Henry David Thoreau : mystic

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dc.contributor.advisor Satterwhite, Joseph N. en_US
dc.contributor.author Keller, Michael R. (Michael Robert), 1938- en_US
dc.date.accessioned 2011-06-03T19:27:36Z
dc.date.available 2011-06-03T19:27:36Z
dc.date.created 1976 en_US
dc.date.issued 1976
dc.identifier LD2489.Z64 1976 .K45 en_US
dc.identifier.uri http://cardinalscholar.bsu.edu/handle/handle/177252
dc.description.abstract This dissertation seeks to construct a profile of Thoreau as a mystic. It examines Thoreau's life up to the publication of Walden, using in the main Thoreau's Journal and letters. It elucidates Thoreau's mystical experience and temperament chiefly by paralleling them with the experience and temperament of other mystics. It comments extensively on Walden throughout its chapters in an attempt to clarify Walden's mystical dimension.The Introduction justifies the method of paralleling Thoreau's experience with that of other mystics. It also defines the terms "mystic" and "mystical experience" and briefly argues the appropriateness of regarding Thoreau as a mystic. The Introduction gives special attention to explaining the various aspects of "illumination," the particular mystical state that Thoreau experienced numerous times in his life.Chapter 1 summarizes and comments in detail on many of Thoreau's illuminative experiences. Thoreau could facilitate these experiences either through meditative practice or through the cultivation of a passive, open, receptive condition while on walks in nature. Thoreau's illuminations included experiences of mystical "Silence," incommunicable noetic experiences, experiences of infinity and of flotation in infinity, experiences of calm and infinite self, "illuminative light," transfiguration and sacramentalization of external nature, joyfully reborn self, and other experiences.Chapter 2 shows that Thoreau conceived of his life as a quest for more and more complete mystical experience. Deliberate pursuit of illumination through nature formed one of the means through which he could make progress on this quest. Thoreau sought out certain natural locales, for example, that might catalyze illumination. Efforts of moral self-examination and self-shaping, efforts of character change, formed another means of progress. Thoreau sought to eliminate negative elements from his character and to cultivate non-self-preoccupation, trust, love, imperturbability, joy.Chapter 3 explores the effects on Thoreau of the gradual lessening, starting perhaps in 1841, of the frequency and intensity of his illuminations. The chapter shows that Thoreau shared in a period common in mystical lives called the Dark Night of the Soul, a period of despondency and spiritual deprivation that springs from the phenomenon of declining illuminations. Thoreau's purpose in going to Walden was partly to dispel the Dark Night he was experiencing and to recover the full illuminative state that he enjoyed previously. Thoreau's Dark Night continued past the Walden sojourn, however. Thoreau's Dark Night was rather frequently brightened by illuminations, although Thoreau commonly expressed dissatisfaction with them. The chapter explores why Thoreau came to regard these later illuminations as insufficient. By the time Thoreau published Walden, he had not advanced to Union, the final stage of the mystical life. The chapter suggests that remaining self-preoccupation and an acquisitive approach to the joys of illumination may have been the reason for Thoreau's not passing completely out of both the Illuminative and Dark Night phases of the mystical life and proceeding to Union. Thoreau seemed to be aware of the hindering effects of his remaining self-involvement, however, so he was in a likely way to grow out of this self-involvement.Chapter 4 discusses the possible effects on Thoreau's character of his numerous illuminative experiences. The chapter finds some of these effects to be a deep feeling of self-worth and of personal security, a sense of belonging in the world by rights as an integral part of it, asense of a loving presence that infuses life, self-detachment, inward calm, loving feeling and behavior, joy and zest in living, liberation from material pursuits, experience of the external world as sacramental or paradisal, and the ability spontaneously to poeticize or mythologize daily experience. en_US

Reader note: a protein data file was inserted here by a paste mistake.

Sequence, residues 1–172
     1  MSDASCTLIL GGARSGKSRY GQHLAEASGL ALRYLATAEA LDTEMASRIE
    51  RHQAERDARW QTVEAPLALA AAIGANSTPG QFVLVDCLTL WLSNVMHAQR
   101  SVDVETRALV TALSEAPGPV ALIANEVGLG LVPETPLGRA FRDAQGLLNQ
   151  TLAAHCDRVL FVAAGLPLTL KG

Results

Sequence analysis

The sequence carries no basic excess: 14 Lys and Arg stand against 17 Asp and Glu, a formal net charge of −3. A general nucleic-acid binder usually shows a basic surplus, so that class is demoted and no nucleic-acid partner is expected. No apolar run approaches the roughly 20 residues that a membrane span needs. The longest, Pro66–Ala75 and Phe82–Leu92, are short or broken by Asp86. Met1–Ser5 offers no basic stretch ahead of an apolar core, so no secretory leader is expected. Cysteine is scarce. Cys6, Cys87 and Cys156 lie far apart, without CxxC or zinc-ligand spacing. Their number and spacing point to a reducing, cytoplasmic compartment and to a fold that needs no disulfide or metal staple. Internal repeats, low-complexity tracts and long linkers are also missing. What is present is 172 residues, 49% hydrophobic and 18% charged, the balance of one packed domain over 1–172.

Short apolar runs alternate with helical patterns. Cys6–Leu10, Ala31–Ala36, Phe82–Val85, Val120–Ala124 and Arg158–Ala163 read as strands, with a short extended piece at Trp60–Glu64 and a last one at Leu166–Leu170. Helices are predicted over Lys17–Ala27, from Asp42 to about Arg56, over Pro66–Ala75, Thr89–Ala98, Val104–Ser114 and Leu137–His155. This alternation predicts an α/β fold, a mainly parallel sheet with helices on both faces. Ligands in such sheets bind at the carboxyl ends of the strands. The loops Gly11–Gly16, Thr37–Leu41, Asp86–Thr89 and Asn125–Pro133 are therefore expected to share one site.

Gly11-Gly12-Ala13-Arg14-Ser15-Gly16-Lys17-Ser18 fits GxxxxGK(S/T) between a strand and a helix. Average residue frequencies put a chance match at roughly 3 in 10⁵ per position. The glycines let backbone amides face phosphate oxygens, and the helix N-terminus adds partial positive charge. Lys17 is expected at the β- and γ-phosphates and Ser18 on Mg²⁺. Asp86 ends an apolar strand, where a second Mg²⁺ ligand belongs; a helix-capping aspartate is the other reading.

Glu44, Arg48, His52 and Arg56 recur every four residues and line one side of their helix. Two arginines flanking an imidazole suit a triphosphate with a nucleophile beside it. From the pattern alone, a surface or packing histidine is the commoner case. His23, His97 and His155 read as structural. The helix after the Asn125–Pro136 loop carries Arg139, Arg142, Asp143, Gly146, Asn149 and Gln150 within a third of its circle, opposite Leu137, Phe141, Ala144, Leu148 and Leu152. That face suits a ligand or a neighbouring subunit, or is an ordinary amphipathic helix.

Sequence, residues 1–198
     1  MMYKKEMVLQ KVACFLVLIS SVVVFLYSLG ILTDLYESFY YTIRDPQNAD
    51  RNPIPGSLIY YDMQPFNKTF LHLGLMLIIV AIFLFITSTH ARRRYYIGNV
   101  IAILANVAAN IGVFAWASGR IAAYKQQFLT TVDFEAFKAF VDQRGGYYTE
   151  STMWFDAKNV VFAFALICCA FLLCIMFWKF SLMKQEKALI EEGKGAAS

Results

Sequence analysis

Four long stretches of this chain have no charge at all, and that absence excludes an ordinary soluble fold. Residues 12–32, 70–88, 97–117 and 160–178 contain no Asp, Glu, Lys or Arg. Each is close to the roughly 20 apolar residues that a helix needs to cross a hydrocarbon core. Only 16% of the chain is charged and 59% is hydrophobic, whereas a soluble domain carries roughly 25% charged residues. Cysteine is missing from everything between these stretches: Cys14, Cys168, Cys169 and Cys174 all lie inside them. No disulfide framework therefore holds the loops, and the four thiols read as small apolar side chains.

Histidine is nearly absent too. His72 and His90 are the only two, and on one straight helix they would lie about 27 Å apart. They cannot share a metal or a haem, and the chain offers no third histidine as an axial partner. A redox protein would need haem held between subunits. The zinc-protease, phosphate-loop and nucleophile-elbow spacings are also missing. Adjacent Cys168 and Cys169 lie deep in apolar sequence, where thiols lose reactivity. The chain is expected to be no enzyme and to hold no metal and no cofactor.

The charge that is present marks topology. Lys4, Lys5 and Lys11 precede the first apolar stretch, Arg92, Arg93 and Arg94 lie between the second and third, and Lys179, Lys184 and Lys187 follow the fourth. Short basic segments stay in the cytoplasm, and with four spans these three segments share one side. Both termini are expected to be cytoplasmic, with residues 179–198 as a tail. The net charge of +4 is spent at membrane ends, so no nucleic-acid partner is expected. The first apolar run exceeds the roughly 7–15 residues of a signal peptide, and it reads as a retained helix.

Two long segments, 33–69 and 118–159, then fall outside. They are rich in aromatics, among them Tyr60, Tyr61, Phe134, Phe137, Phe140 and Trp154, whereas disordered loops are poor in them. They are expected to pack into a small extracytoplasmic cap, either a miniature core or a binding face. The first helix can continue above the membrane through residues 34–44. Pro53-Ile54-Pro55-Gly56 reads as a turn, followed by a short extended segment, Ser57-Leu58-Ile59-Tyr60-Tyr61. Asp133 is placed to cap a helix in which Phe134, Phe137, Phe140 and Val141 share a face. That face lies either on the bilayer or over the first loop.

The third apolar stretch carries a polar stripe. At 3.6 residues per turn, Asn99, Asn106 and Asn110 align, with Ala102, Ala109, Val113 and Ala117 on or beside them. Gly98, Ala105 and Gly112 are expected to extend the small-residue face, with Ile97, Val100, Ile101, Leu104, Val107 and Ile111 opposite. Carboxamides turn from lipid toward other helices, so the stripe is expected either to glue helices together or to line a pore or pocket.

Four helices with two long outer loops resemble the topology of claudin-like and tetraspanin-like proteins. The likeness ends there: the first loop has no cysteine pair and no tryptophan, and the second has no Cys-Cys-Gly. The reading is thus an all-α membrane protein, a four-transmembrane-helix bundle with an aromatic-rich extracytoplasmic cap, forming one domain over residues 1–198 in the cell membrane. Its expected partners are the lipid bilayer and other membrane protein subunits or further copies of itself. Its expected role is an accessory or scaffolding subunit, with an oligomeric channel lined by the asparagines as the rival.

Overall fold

dc.format.extent 326 leaves ; 28 cm. en_US
dc.source Virtual Press en_US
dc.subject.lcsh Mysticism in literature. en_US
dc.subject.other Thoreau, Henry David, 1817-1862. en_US
dc.title Henry David Thoreau : mystic en_US
dc.description.degree Thesis (D. Ed.) en_US
dc.identifier.cardcat-url http://liblink.bsu.edu/catkey/413819 en_US


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  • Doctoral Dissertations [3120]
    Doctoral dissertations submitted to the Graduate School by Ball State University doctoral candidates in partial fulfillment of degree requirements.

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